Just under 15 percent of respondents cited direct mail as an effective prospecting technique — and J. Ryan Parker, general manager of Element Financial Group thinks the number of agents that prospect this way may actually be much higher, while also noting that it should not be a stand-alone prospecting method. Says Parker: “I think a lot of prospecting still revolves around direct mail — more so than people realize [because] seminars are powered by direct mail. This is obviously not the most cost-effective way of marketing yourself; you can probably spend a lot less money doing this on the Internet. But the clients producers are looking to reach, the seniors and the boomers, just aren’t as prone to go to Google and look something up. This is why more of your successful planners are still using direct mail. That said, online needs to be part of every producer’s prospecting strategy because it streamlines the business process. If I get a lead from the Internet, it automatically enters into my CRM, and we can follow-up from there. Internet is absolutely critical for today’s producers.”
The Best Time to Make a Sales Call in 2017
Most salespeople are eager to know the best time to cold call their prospects. It’s an enticing idea: Rather than waiting for a compelling event, researching the buyer, and crafting a personalized message, the rep simply needs to know the best day for cold calling, as well as the best time of day.
Unfortunately for legacy salespeople, this approach doesn’t work anymore. An oft-cited study from the Keller Research Center at Baylor University shows only 1% of cold calls ultimately generate appointments.
The takeaway is, the “best time to make cold calls” doesn’t exist. But it’s a different story for warm calls. If you’ve done your homework and identified a potential good fit, knowing when to pick up the phone can mean the difference between getting the prospect's voicemail -- and getting a meeting.
Five suggestions for when to call buyers in 2017
1) The Best Day for Sales Calls
A study conducted by LeadResponseManagement.org revealed Wednesdays and Thursdays are the best days of the week to call prospects.
This finding isn’t completely surprising. After all, people are usually gearing up for the weekend on Friday and aren’t interested in starting a relationship with a salesperson.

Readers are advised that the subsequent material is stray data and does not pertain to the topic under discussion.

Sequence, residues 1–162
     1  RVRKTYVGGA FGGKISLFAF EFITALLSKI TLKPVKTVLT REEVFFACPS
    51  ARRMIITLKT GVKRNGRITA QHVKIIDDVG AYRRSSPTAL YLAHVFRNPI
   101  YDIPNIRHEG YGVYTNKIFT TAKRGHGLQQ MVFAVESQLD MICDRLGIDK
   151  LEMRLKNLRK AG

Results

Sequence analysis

On Monday, buyers are transitioning into work mode and planning their upcoming week.
By the middle of the week, people have had enough time to settle into their working week and take care of pressing matters, without your call feeling like an interruption.
2) The Best Morning Time for Sales Calls
Making an early morning sales call lets you connect with prospects before their to-do lists become overwhelmingly long. But timing is still important -- call too early, and no one will answer. Call too late, and your prospects will be busy.
The same LeadResponseManagement.org study found morning sales calls are most productive between the hours of 8 and 9 a.m..
3) The Worst Time of the Day for Sales Calls
What are most prospects doing between 11 a.m. and 2 p.m.? That’s right: Eating lunch.
For this reason, reps have the lowest contact rates during lunchtime. Use this time instead to research prospects and prepare for your afternoon calls. (And of course, having lunch yourself.)
4) The Best Afternoon Time for Sales Calls
Reps see the highest engagement rates of the day between 4 and 5 p.m. Most prospects are tying up their projects for the day. This is a great moment to pick up the phone and give your buyer a call. With important work out of the way, your prospective clients will more time to chat and listen to what you have to offer.
5) Call inbound leads within five minutes of receipt
Seeing leads come in is always exciting for sales reps, but the time it takes you to respond to these prospects is crucial. From the same study conducted by LeadResponseManagement.org, the timing of the response played a big part in the success of making contact and qualifying.
The graph above demonstrates how a response time of no more than five minutes after receipt results in a much higher number of qualified leads. After 10 minutes, the number of leads qualified significantly decreases, which shows a quick response will return the best results.
Ultimately, picking the right time to make your sales calls is essential to sales success. While these five rules of thumb are a good place to start, you may find that different strategies work better for your business. Test these approaches and adopt the ones that work for you. You might be surprised to find how many more prospects you can reach with a few simple tweaks.